Results 1 to 7 of 7

Thread: My first sinktube saber using hasbro bladebuilders econo board

  1. #1

    Default My first sinktube saber using hasbro bladebuilders econo board

    This was my first attempt at saber building, wanted to go cheap as I practiced my soldering skills, cram-fu etc... Pics can be found here:
    https://www.flickr.com/gp/183568473@N06/9426zZ

    Looking forward to my next build using all MHSv1 parts.

  2. #2

  3. #3

    Default

    Ok, that saber deserves a better board! Great build. Now strip it and put a better board in there! Awesome looking saber for sure! WTG.

    TOm

    "Let the past die."

  4. #4

    Default

    Thanks - I have been trying to add new skills such as chemical etching on the shroud and leather wrapping the hilt (cord wrapped, like they used to do with sword hilts) to my skills tool box.

  5. #5

    Default

    Quote Originally Posted by Tom Tilmon View Post
    Ok, that saber deserves a better board! Great build. Now strip it and put a better board in there! Awesome looking saber for sure! WTG.

    TOm
    Thanks -
    This was really just a practice run to test the build process, practice my skills and see how cheaply I could do this. I wound up wrecking two of the hasbro soundboards - one because I overheated the traces trying to get the swing sensor off (glue on the bottom of the board was actually holding it in) and the second because I didn't have a chassis to hold everything and the stresses on inserting and removing the electronics actually ripped the speaker solderpoints off the board. Finally got it going with a chassis made from two pill bottles (the part where the cap screws on is perfectly sized for the 28mm bass speaker btw) and the flourescent light cover trick from Madcow. This one will probably be a belt hanger for cons and now that I am comfortable with the process I will drop the money on a real soundboard and some MHS parts to house them.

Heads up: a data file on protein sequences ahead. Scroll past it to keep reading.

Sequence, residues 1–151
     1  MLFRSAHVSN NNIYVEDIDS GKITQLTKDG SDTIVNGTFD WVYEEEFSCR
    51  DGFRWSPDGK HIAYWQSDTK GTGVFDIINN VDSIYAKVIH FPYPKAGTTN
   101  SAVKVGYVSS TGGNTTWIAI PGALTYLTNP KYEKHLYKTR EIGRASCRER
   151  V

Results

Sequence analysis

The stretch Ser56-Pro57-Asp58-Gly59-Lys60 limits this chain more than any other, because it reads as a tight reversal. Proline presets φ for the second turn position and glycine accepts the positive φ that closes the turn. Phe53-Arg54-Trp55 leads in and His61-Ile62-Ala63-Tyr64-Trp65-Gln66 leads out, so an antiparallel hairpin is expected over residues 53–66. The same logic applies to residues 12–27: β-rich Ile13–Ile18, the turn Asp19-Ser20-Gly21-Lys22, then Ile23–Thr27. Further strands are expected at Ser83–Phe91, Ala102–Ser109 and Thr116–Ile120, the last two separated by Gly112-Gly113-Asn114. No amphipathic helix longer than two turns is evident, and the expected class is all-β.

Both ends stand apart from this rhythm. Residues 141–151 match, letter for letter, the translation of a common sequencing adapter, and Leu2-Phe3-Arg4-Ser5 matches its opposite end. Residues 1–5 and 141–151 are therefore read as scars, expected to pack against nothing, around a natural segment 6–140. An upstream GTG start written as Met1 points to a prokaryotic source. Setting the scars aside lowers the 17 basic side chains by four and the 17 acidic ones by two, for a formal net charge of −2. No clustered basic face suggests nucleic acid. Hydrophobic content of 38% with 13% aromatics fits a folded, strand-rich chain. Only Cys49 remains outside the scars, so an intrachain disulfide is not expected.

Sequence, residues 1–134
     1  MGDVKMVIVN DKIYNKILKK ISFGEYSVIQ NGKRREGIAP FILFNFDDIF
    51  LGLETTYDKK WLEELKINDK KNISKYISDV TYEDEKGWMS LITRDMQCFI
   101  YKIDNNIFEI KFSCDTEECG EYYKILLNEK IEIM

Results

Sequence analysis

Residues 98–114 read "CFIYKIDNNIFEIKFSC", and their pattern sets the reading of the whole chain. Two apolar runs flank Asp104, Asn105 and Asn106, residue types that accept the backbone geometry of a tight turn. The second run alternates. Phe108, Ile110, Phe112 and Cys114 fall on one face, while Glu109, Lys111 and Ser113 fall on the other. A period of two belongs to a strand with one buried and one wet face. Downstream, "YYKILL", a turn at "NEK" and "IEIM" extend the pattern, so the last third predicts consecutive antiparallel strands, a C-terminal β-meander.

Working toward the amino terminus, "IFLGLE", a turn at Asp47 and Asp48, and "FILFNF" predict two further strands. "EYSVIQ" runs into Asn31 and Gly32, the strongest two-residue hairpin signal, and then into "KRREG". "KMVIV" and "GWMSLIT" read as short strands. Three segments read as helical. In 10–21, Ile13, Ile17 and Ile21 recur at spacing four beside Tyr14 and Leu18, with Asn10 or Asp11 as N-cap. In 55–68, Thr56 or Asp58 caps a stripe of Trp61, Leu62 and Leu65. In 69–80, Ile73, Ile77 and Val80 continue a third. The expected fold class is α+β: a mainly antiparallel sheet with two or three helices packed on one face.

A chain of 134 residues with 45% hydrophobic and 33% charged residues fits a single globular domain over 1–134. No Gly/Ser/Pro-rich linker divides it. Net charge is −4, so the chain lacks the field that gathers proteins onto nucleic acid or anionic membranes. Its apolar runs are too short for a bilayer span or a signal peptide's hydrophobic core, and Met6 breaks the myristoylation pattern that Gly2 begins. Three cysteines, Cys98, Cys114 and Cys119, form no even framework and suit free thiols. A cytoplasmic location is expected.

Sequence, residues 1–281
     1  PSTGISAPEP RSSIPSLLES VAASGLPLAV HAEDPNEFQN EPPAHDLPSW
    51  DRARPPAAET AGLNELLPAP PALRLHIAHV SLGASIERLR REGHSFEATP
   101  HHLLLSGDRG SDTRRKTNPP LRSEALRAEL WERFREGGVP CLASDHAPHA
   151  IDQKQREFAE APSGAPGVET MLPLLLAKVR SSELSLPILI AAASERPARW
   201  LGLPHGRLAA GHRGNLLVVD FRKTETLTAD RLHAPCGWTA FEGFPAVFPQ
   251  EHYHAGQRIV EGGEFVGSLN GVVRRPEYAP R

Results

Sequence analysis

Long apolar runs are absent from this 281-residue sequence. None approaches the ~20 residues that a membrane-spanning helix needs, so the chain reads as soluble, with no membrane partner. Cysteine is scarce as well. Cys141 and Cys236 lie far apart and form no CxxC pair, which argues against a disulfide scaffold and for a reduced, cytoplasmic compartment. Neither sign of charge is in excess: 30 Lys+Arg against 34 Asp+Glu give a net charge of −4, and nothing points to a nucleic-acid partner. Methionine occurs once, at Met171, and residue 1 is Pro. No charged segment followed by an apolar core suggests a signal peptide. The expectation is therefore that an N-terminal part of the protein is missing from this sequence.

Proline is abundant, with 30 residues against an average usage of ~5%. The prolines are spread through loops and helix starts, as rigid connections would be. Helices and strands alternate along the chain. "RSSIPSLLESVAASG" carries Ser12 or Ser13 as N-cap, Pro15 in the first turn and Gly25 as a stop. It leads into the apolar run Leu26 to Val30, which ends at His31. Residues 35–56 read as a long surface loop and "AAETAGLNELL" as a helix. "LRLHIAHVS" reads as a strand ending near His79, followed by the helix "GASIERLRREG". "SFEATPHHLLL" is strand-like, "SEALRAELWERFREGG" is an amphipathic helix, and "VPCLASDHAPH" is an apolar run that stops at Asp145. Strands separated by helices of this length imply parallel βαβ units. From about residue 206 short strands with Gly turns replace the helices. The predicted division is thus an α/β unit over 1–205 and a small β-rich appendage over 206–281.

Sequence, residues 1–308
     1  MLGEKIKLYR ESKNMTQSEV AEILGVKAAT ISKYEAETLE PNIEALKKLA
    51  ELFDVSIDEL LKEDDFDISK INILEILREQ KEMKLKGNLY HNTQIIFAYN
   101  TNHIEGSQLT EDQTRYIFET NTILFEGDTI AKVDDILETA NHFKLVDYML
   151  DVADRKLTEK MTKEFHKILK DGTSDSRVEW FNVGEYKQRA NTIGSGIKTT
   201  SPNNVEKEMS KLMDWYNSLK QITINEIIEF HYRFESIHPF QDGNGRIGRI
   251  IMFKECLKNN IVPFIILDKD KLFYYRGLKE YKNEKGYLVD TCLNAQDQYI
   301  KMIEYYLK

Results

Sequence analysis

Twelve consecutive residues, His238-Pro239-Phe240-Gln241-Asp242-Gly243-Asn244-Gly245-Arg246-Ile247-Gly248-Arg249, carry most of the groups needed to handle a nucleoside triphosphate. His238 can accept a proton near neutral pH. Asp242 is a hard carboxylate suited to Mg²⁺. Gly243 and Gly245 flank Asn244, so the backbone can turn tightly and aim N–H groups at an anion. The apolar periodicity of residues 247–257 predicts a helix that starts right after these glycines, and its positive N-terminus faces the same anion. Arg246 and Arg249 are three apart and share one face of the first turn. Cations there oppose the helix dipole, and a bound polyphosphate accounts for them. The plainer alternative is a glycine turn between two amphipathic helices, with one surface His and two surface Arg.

6. #6

    Default

    Well done!

    Looks like you went all out for that one.

    Hasbro boards are the best way to practice your skills. You may be able to recover your boards by scratching the insulation layer off the PCB and solder directly to the traces...

    Keep practicing the soldering, you may want a 100$ soldering iron , run it pretty hot, use flux and hold it shortly on the solder point.

    At least you didn't burn up a more expensive board. If you want I may be able to send you a few hasbro boards. Cheers.

    Cheers and keep at the scratch builds!

  7. #7

    Default

    I really like this one. Good job on your first build. Don't worry about breaking stuff at first. As you get better at cram-fu, you'll learn to judge what you can do and what will fit.

Bookmarks

Posting Permissions

  • You may not post new threads
  • You may not post replies
  • You may not post attachments
  • You may not edit your posts
  •